Downtown Walla Walla, which is tiny, has undergone a revitalization over the past decade, and efforts are still underway. Walla Walla retained its antique sidewalk clock on main street. Even today, the clock continues to be manually rewound every Friday. It is located near the corner of 2nd and Main, directly in front of the Grapefield's wine bar. When President Theodore Roosevelt visited Walla Walla, he remarked that Walla Walla was one of the most favorably impressive cities in the northwest. In 2002, Sunset Magazine named Walla Walla as one of the best places to live, largely due to the urban renewal efforts. In between those two points in time, Walla Walla slid into a recession and the downtown was neglected. Today Walla Walla is very much on the upswing, and its downtown has a variety of upscale boutique shops, wine bars, wine tasting rooms, cafes, and one major hotel.
Move over Napa
"There's a new kid in town!"
When I was a college student traveling in between my college town in the Rockies and my home town of Federal Way, Washington, Walla Walla was just a place along the way, near the Umatilla Bridge, a crossing over the Columbia River in the midst of wheat, hay and onion fields. Back then, no one went there unless they lived there. And hardly anyone lived there to begin with.
Little did I know, while I was making those trips to and from my college town and home town, an entrepreneurial young man by the name of Gary Leonetti planted his first vineyards near Walla Walla and produced his first wine in 1978. The wine was a hit and he expanded his vineyards. Today, Leonetti Cellars wines are next to impossible to come by if you are just a regular person like me, and if you do find them, they cost over $100 per bottle.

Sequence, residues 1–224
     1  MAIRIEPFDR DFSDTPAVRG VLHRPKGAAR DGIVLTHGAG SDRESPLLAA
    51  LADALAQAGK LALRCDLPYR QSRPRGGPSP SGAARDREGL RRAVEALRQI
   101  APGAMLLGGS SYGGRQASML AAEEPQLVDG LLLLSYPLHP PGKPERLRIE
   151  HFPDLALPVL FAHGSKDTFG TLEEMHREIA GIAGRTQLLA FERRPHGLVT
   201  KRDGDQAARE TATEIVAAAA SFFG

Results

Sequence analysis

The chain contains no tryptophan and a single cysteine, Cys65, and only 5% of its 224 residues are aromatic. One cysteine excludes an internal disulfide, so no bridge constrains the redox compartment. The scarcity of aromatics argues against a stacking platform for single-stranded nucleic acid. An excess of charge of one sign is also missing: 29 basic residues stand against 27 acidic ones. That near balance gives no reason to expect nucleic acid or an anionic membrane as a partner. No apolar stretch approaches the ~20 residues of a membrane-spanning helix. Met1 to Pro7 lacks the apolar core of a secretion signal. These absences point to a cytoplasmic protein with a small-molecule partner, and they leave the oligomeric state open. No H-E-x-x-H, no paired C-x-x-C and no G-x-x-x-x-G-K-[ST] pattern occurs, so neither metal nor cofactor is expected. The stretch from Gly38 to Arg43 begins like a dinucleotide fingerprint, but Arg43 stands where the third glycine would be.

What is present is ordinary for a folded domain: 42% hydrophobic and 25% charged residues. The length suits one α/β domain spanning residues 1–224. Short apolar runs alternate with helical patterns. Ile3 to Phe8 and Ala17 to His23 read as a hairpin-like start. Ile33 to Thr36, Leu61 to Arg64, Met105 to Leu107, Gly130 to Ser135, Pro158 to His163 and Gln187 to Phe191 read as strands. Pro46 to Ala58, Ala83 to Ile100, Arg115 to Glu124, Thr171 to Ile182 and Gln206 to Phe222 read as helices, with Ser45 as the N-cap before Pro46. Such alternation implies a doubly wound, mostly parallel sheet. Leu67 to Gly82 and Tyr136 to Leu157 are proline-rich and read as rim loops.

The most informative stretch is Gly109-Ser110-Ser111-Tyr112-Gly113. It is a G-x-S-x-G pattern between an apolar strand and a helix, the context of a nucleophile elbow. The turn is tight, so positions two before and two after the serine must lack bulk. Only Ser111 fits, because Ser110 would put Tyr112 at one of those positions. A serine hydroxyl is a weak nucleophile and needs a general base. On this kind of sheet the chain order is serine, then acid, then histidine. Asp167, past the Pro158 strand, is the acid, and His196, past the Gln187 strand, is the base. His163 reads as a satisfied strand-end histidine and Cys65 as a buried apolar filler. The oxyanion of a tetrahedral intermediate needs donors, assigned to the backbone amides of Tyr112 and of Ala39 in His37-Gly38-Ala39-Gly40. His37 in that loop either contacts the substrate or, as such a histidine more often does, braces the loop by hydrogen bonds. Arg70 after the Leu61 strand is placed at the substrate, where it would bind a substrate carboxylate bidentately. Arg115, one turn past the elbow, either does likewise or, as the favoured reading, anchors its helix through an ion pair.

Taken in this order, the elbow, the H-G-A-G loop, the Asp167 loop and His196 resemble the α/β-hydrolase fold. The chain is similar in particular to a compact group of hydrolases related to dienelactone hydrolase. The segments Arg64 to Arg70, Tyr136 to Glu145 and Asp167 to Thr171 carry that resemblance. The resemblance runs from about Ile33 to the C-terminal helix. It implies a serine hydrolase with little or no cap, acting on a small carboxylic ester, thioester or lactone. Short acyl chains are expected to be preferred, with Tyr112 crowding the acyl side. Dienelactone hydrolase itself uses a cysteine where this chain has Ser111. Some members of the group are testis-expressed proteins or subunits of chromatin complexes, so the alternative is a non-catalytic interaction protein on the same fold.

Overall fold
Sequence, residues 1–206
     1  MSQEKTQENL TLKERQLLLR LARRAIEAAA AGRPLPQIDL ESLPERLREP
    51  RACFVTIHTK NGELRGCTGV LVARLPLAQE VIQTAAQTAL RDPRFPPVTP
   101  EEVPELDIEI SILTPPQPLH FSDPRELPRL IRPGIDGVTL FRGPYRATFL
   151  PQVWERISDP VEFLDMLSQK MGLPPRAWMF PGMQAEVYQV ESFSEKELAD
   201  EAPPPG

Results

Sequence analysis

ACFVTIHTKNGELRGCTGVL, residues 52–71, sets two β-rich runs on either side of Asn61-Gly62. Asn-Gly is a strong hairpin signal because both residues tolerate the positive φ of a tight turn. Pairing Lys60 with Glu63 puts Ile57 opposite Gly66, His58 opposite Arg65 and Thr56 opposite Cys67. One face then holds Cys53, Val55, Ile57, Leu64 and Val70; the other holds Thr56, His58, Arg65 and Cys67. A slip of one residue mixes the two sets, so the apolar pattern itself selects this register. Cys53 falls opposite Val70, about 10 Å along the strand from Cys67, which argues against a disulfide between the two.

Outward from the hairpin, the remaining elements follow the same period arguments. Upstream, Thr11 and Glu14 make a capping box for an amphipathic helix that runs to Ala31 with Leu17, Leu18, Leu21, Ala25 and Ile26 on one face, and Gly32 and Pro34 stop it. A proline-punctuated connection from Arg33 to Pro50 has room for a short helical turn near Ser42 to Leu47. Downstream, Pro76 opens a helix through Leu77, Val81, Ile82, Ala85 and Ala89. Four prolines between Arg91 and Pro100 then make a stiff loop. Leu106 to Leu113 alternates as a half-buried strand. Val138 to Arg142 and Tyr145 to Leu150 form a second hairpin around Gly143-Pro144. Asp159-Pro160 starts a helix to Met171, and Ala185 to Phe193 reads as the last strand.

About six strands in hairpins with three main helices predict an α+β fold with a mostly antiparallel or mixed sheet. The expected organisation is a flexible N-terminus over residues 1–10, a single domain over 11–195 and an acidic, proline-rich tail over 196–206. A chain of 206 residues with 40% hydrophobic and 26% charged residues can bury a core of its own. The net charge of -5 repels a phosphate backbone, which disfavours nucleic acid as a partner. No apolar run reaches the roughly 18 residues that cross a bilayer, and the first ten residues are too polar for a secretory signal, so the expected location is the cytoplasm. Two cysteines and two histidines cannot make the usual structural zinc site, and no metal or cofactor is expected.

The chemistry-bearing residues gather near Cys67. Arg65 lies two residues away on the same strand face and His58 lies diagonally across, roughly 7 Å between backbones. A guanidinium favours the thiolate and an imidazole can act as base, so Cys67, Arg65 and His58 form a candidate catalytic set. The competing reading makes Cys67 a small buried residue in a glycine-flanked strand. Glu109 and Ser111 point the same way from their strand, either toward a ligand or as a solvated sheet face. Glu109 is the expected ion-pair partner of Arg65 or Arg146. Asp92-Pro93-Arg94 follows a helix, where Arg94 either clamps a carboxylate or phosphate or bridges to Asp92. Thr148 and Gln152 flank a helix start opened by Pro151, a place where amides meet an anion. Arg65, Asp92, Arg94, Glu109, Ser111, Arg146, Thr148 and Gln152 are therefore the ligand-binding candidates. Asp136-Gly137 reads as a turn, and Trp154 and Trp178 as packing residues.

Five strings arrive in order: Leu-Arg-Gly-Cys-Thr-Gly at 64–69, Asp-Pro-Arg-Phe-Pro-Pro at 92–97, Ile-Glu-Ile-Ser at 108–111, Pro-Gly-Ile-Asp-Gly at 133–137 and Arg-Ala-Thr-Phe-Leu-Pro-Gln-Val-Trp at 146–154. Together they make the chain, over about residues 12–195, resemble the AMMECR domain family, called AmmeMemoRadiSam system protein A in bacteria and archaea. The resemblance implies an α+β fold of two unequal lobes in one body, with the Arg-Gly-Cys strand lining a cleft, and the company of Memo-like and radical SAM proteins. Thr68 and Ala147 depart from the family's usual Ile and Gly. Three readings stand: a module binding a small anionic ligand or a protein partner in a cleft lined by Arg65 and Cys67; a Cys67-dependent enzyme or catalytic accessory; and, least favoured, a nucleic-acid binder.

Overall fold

"Walla Walla Reinvented"
Other vintners followed suit, with a few vineyards being established in the 1980s. The new wineries proliferated in the 90s, and the 00s. Yearly, more wineries are releasing their first vintages - for good reason. The terroir is conducive to producing amazing red wines - primarily cabernet sauvignon, merlot, syrah and signature blends.
For the past several years, my husband and I have made it a tradition to celebrate our anniversaries somewhere in the wine country. We live so close to Sonoma and Napa - it is such an easy thing to plan. However, after several years of Sonoma and Napa, we wanted to branch out. Last year we went to wacky Santa Cruz. Emboldened by that trip, this year we selected a wine country even more off the beaten path. Walla Walla definitely fit that bill.
"A chance discovery"
In California, we rarely come across Walla Walla wines. They simply are not available at restaurants here, and frankly wouldn't sell at this time because Californians don't know where Walla Walla is. Very few wine stores carry them. I would have continued on in this blissful ignorance, but fate nudged me in the other direction.
Earlier this summer we traveled to Tacoma, Washington for a wedding, and I saw Walla Walla wines on a couple of wine lists. I laughed. That is kind of like seeing wine from North Dakota or Utah. But we tried them, and they were out of this world. I stopped laughing. I just HAD to see what had transpired in this land of wheat, hay and onion fields which a few years ago was nothing more than a boring stretch of road on my way home from college.
It's not Napa yet. The area hasn't been transformed into vast vineyards yet. The wineries are small boutique wineries focusing on "hand crafted" wines. (Wine-speak for "Our wines are not mass produced and besides we have a small staff.") I'll be keeping my eye on these Walla Walla wines from now on.
In addition to producing outstanding wines, the Walla Walla area turned to be a fun place all around for a three day weekend.